I wanted a Kindle. I was ready to buy a Kindle. The iPhone spoiled everything.
I'm an avid reader of digital books and for months I had my eye on the Kindle, the digital reader from Amazon, with its high-contrast screen and PC-less book downloads. Then Apple announced that the iPhone 3G goes on sale July 11.
I'm now in second-guess hell.
I know Apple has said nothing about offering an e-reading application for the new iPhone. But what happens if Steve Jobs later surprises us or some developer turns the iPhone into a whiz-bang electronic reader? I'll tell you what happens, my Kindle ends up on eBay.
I can imagine a slick iTunes bookstore, stocked full of titles that are easy to buy and download--sort of like Amazon.com. Even if Apple decides against getting into book sales, the upgraded iPhone will be open to developers. I'm betting one has already written an e-reader application.
There's a huge opportunity here for some enterprising developer. The person could write a reader application for the iPhone and then sign licensing deals with top publishers. The developer could sell digital books out of their own Web store. The pitch to the publishers would be: "I have the best way for you to get on the iPhone."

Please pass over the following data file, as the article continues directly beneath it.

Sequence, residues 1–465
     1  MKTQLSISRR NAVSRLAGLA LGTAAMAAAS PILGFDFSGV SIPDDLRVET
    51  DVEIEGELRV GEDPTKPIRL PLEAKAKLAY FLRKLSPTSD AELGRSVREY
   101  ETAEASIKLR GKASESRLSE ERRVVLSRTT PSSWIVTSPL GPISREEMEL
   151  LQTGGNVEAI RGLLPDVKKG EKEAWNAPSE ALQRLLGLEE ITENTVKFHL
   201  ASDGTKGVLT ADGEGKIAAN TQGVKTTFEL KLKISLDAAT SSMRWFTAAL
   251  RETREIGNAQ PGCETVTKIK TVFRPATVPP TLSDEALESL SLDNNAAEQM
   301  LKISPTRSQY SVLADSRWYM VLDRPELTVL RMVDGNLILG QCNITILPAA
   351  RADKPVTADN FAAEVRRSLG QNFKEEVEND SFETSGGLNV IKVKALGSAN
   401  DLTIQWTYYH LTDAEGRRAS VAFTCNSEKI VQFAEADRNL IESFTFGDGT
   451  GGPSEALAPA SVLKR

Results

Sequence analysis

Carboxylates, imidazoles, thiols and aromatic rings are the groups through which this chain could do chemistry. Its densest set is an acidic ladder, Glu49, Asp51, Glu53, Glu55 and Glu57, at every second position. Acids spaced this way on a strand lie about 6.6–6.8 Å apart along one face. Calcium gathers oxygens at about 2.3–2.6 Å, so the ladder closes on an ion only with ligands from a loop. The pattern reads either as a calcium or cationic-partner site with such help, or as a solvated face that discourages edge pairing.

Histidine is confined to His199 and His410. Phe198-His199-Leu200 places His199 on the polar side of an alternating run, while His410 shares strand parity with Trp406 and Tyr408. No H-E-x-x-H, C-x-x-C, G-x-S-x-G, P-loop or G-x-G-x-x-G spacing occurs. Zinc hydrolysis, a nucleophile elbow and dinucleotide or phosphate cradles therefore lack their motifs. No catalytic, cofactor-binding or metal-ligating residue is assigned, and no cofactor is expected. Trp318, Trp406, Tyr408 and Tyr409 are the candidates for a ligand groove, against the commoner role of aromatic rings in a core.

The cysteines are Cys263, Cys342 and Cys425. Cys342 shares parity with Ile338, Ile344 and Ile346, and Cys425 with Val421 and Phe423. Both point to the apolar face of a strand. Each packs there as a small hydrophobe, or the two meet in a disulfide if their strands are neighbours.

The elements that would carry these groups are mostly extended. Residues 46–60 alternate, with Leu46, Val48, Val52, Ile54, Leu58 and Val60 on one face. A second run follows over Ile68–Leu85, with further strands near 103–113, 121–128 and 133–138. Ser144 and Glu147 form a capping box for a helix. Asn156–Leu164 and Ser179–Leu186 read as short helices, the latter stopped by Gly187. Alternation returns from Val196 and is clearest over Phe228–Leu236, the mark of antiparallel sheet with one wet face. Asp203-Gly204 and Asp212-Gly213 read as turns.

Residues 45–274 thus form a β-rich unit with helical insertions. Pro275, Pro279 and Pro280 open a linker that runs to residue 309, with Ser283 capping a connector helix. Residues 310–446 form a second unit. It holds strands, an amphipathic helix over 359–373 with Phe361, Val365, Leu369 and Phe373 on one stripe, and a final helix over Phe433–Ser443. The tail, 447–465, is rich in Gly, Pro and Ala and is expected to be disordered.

Of course, if Apple, which possesses complete control over the iPhone application development program, is planning something similar down the line, then a third-party e-reader application might not pass. Last January, Jobs voiced skepticism about e-readers, telling The New York Times that people "don't read anymore."
This to some is a good indication that he's interested.
Regardless, all of this highlights the main problem with the Kindle: it's too much of a specialty device to appeal to a mass market audience. People want more value than the Kindle offers.
Sure, Amazon's e-reader is probably going to outperform the iPhone when it comes to providing a better reading experience. The Kindle features a 6-inch screen and E Ink technology, which is easier on the eyes than backlit displays. But the iPhone has all it needs to become a great digital-book reader: a 3.5-inch (diagonal) widescreen Multi-Touch display and 480-by-320 resolution.
I've read close to 20 books on my Palm Pilot TX and its 3.8-inch screen is plenty big enough.
Certainly, the Kindle's advantages as an e-reader aren't enough to trump the host of iPhone features: a phone on a new faster network, camera, video player, it holds photos, contacts, you can play games and there's the apps we don't know about yet. With the Kindle I get Web browsing and e-mail.
When you size up bang for the buck, it's all iPhone. The 16GB iPhone 3G costs $299. Of course that doesn't include network charges. The Kindle sells for $365 and that includes free wireless.
Brett Arends at The Wall Street Journal argues that if you read a lot, the Kindle can help you save money because e-books are cheaper than the paper kind. But he acknowledges that you have to buy 61 books before the device pays for itself.
Pacific Crest analyst Steve Weinstein predicts that global e-book sales at Amazon could reach $2.5 billion by 2012. If he's right, I'm thinking many of those sales won't be for the Kindle.
CNET News.com's Declan McCullagh and Tom Krazit contributed to this report.